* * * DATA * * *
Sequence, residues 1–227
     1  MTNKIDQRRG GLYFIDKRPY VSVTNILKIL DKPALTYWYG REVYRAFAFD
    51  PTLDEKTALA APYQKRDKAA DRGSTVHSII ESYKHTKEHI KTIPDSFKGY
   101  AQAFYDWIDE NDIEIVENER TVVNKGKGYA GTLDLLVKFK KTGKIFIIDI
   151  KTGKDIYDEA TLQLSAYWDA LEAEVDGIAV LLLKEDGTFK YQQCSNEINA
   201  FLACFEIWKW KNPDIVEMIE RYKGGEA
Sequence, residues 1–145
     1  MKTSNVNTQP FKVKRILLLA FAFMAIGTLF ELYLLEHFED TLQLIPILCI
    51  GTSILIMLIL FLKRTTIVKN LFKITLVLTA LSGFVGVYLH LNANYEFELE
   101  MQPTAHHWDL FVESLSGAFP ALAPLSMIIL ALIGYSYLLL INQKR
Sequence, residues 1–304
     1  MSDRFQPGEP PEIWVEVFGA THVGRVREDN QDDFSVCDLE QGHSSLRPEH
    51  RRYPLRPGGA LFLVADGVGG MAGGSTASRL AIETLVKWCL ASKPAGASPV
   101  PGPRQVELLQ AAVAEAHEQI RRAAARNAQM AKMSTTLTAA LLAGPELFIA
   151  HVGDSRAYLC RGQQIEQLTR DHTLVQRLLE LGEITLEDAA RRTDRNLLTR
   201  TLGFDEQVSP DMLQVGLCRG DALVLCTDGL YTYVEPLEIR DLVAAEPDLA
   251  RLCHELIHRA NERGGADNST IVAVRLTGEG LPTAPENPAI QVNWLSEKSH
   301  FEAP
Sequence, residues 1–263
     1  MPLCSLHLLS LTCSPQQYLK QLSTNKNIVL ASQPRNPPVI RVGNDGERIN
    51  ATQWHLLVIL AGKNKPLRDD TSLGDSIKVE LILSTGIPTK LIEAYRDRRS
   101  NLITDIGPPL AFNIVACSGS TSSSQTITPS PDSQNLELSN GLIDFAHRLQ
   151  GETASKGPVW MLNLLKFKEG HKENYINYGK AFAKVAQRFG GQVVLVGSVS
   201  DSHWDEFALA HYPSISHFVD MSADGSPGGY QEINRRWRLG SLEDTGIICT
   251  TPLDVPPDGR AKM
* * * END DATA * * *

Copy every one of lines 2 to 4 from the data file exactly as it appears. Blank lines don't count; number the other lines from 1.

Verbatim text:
     1  MTNKIDQRRG GLYFIDKRPY VSVTNILKIL DKPALTYWYG REVYRAFAFD
    51  PTLDEKTALA APYQKRDKAA DRGSTVHSII ESYKHTKEHI KTIPDSFKGY
   101  AQAFYDWIDE NDIEIVENER TVVNKGKGYA GTLDLLVKFK KTGKIFIIDI